Where Are the Careers in Real Estate?
Stan Ross and James Carberry interview Stephen J. Duffy, managing director of Moss Adams Capital LLC in Irvine, California.
What skills are currently in demand in real estate?
It could be several years before commercial property markets fully recover. Everyone is assuming that the investment hold periods for real estate assets will lengthen in line with the extended economic recovery. Current underwriting is not assuming high leverage and extraordinary cap rate compression to drive returns. It is very much back to basics on real estate fundamentals. Accordingly, the property operating skills of marketing, leasing, property management, and asset management will be even more critical over the next phase of the cycle.
What do you look for in hiring graduates?
When I first came into real estate, firms would bring in junior people to spend a couple of years learning the business while doing basic market and asset data collection and organization work. There was a definite need for an “organization leverage” model. Now, technology and web-based information provide enormous amounts of relevant market data in highly organized form. The financial modeling tools are also far superior today. As a result, the standard for entry-level professionals has risen. We are looking for people who have the skills and experience to anayze data, build and run financial models, recognize patterns and issues, and assist in presentation preparations. This is far advanced from the past “data grubbing” work. We look for some interesting forms of real estate experience even for undergraduates, whether it summer intern work and/or family real estate experience.
How can young professionals acquire the experience you’re looking for?
One way is to enroll in a real estate program such as that offered by the University of Southern California that provides practical knowledge in all aspects of real estate— finance, asset management, development, and so on. The emphasis is on practical. Get an internship with a real estate company. We hire some of the best and the brightest as interns and give them a high level of on-the-job experience. A third way is to get an entry-level job in brokerage, market research, or property management that provides an opportunity to start at the bottom to gather basic skills. These jobs may not pay a lot, but they provide a solid foundation for a career. Yet another choice is to enroll in a quality graduate business program or law school after working in real estate for a few years. This alternative can increase financial, critical-thinking, teamwork, research, and communications skills.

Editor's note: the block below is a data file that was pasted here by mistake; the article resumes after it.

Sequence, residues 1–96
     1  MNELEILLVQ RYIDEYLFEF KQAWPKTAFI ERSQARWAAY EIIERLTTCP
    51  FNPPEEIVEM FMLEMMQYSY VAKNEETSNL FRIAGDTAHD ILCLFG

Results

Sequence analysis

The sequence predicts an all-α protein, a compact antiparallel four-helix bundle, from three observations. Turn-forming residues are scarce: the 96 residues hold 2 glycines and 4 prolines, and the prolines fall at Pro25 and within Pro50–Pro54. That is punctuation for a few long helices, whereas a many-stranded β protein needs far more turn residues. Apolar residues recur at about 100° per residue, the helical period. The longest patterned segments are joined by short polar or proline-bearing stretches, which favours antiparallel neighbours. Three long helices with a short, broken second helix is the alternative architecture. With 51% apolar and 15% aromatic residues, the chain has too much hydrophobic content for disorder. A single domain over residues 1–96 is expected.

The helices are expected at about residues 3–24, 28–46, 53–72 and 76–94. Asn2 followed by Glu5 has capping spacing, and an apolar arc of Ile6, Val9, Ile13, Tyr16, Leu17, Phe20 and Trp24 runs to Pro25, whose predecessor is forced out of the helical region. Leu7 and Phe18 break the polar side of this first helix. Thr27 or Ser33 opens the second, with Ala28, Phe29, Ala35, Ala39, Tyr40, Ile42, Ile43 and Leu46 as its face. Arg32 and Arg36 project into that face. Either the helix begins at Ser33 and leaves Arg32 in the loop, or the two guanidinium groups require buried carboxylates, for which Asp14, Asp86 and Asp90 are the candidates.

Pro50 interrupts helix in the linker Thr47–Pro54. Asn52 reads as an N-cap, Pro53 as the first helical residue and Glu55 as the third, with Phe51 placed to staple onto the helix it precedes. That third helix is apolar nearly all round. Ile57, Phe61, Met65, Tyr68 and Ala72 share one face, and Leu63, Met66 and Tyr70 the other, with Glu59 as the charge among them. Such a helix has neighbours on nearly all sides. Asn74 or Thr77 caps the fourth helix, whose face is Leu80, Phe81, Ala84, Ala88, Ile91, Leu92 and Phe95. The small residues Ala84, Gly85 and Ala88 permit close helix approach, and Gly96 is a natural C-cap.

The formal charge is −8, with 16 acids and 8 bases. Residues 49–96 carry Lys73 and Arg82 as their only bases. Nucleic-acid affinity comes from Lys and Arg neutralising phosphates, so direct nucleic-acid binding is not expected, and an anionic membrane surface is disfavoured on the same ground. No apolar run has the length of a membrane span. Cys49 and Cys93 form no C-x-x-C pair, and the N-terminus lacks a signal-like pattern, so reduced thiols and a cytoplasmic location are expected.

What qualities must young professionals have to advance in their careers?
One of the most important characterisitics for successful professionals in real estate is that they genuinely like people. It may not be described this way, but real estate is one continuous sales cycle. In real estate, sales occur everywhere, all the time, and at all levels. We are an industry where we are continually convincing others to sell assets, pitch capital, originate debt, sign tenants, sell land, sell assets, sells entities, etc. To be effective at sales, you have to like people. Intelligent and hard-working people can master the technical aspects, but to progress as real estate operators, developers, investors, lenders, service providers, owners, etc., you have to work well with people at multiple levels, continuously. With some exceptions, the giants in this industry have very strong people skills. The ideal balance for young professionals is analytical excellence that masters all the numbers, combined with a people-oriented personality that communicates well.